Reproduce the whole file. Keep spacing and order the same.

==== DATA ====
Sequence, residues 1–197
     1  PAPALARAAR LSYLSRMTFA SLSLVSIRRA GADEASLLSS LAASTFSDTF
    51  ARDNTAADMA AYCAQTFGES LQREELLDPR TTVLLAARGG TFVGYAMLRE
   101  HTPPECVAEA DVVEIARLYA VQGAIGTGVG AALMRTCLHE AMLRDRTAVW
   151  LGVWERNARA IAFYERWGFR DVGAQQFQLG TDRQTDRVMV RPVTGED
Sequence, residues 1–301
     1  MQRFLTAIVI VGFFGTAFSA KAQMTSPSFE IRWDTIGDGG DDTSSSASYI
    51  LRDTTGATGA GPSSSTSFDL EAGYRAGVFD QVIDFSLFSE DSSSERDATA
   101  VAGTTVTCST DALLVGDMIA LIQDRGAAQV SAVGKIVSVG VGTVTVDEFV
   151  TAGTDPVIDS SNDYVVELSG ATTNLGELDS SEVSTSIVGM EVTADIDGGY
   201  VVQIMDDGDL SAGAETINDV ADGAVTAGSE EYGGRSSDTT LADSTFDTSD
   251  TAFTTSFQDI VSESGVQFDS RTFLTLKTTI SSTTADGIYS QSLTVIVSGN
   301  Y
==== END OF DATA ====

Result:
Sequence, residues 1–197
     1  PAPALARAAR LSYLSRMTFA SLSLVSIRRA GADEASLLSS LAASTFSDTF
    51  ARDNTAADMA AYCAQTFGES LQREELLDPR TTVLLAARGG TFVGYAMLRE
   101  HTPPECVAEA DVVEIARLYA VQGAIGTGVG AALMRTCLHE AMLRDRTAVW
   151  LGVWERNARA IAFYERWGFR DVGAQQFQLG TDRQTDRVMV RPVTGED
Sequence, residues 1–301
     1  MQRFLTAIVI VGFFGTAFSA KAQMTSPSFE IRWDTIGDGG DDTSSSASYI
    51  LRDTTGATGA GPSSSTSFDL EAGYRAGVFD QVIDFSLFSE DSSSERDATA
   101  VAGTTVTCST DALLVGDMIA LIQDRGAAQV SAVGKIVSVG VGTVTVDEFV
   151  TAGTDPVIDS SNDYVVELSG ATTNLGELDS SEVSTSIVGM EVTADIDGGY
   201  VVQIMDDGDL SAGAETINDV ADGAVTAGSE EYGGRSSDTT LADSTFDTSD
   251  TAFTTSFQDI VSESGVQFDS RTFLTLKTTI SSTTADGIYS QSLTVIVSGN
   301  Y